Axie Infinity: online games where people earn as they play are transforming gaming
By Drew Cattanach
The ultimate point of playing video games has always been to have fun. Whether its Space Invaders or Sonic or Red Dead Redemption, you hit the start button and do your thing until game over and then you probably wipe the...
Surfing makes its Olympic debut – and the waves should be world-class thanks to wind, sand and a typhoon or two
By Sally Warner
For the first time, surfing is on the Olympic stage.
The surfing event will last for three days and has to run within the dates from July 25 to August 1. The reason for this window? Not all waves are created equal, and...
Forget the medals, the real game of the Olympics is soft power — and the opening ceremony is key
By Caitlin Vincent Et Al
The Olympic Games are often hailed as a neutral celebration of athletic achievement. The Olympic Games are not about politics, wrote the International Olympic Committee president, Thomas Bach, in the Guardian last...
To watch or not watch? The Tokyo Games raises difficult questions for fans
By Adam Karg Et Al
When the 2020 Tokyo Olympic Games officially begin on Friday night, they will do so with the host city under a state of emergency due to COVID-19.
For the first time in history, all Olympic events will take place in...
Unis are killing the critical study of religion, and it will only make campuses more religious
By Christopher Hartney
Global developments in tertiary education suggest the critical scientific study of religion is endangered. One of the departments slated for extinguishment amid the pandemic-related upheavals was my own at the University...
Pandemic has teens feeling worried, unmotivated and disconnected from school
By Leah M. Lessard
When the COVID-19 pandemic started, many U.S. teens were more worried about the disruption to their education than the possibility of getting sick. A May 2020 survey of high school students found that they reported...
How the rollout of South Africa's renewable energy plan is failing communities
By Zoheb Khan
South Africas over-reliance on coal-fired power plants places the country among the worlds top carbon emitters and does huge damage to the health of its citizens. The country has also struggled to maintain a stable energy...
'Cyborg soil' reveals the secret microbial metropolis beneath our feet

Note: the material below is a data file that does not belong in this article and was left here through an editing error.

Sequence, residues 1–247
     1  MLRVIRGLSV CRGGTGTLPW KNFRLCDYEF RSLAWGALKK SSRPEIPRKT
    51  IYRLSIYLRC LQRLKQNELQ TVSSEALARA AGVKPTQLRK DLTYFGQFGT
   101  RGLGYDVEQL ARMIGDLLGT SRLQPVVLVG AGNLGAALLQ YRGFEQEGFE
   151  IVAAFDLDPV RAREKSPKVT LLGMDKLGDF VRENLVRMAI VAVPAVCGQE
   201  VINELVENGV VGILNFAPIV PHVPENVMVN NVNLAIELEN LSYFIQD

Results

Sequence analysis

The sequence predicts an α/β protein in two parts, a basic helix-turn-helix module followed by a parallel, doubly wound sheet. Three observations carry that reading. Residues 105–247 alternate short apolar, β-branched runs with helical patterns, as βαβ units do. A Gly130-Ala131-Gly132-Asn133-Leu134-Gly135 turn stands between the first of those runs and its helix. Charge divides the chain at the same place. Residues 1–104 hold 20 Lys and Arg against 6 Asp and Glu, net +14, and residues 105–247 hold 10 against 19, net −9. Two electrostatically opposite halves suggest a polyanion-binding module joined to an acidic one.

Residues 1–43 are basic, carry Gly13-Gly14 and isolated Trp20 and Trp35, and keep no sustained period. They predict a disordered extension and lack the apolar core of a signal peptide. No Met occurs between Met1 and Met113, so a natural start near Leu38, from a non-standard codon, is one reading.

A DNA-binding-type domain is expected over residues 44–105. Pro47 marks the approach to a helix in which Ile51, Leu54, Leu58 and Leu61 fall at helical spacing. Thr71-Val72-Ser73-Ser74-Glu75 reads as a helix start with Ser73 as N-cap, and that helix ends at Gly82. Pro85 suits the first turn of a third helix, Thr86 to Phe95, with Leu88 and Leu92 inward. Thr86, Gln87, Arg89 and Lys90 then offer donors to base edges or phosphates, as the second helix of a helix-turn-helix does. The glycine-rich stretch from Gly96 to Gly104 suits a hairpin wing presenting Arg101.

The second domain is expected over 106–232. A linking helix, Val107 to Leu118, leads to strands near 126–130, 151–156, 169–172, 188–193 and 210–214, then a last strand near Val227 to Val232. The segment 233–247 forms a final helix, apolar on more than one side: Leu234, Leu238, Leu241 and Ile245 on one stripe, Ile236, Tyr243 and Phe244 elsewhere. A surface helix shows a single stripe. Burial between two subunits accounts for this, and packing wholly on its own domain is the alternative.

By Edith Hammer
Dig a teaspoon into your nearest clump of soil, and what youll emerge with will contain more microorganisms than there are people on Earth. We know this from lab studies that analyse samples of earth scooped from the...
Canceling student loan debt will barely boost the economy, but a targeted approach could help certain groups
By William Chittenden
At the end of June 2021, 43 million borrowers or about 14% of all adults in the U.S. owed approximately US$1.59 trillion in outstanding federal student loans. Although in many cases the media has focused on borrowers...
We're paying companies millions to roll out COVID vaccines. But we're not getting enough bang for our buck
By Lesley Russell
How we roll out vaccines is recognised as more important to the success of vaccination programs than how well a vaccine works. And the last mile of distribution to get vaccine into peoples arms is the most...
Australia's government gives more support to fossil fuel research than is apparent
By Will McDowall
Australian governments direct billions to fossil fuel companies. Among the projects funded by Commonwealth and state governments are work on coal ports, railways and power stations, and research into clean coal or coal...
Can we cancel 'cancel culture'?
By Dino Sossi
Alexi McCammonds journalism career was rapidly ascending. She was a political reporter for Axios and a fixture on cable news.
Jeffrey Toobin was an award-winning lawyer-turned-journalist. He wrote for The New Yorker,...
Insulin was discovered 100 years ago – but it took a lot more than one scientific breakthrough to get a diabetes treatment to patients
By James P. Brody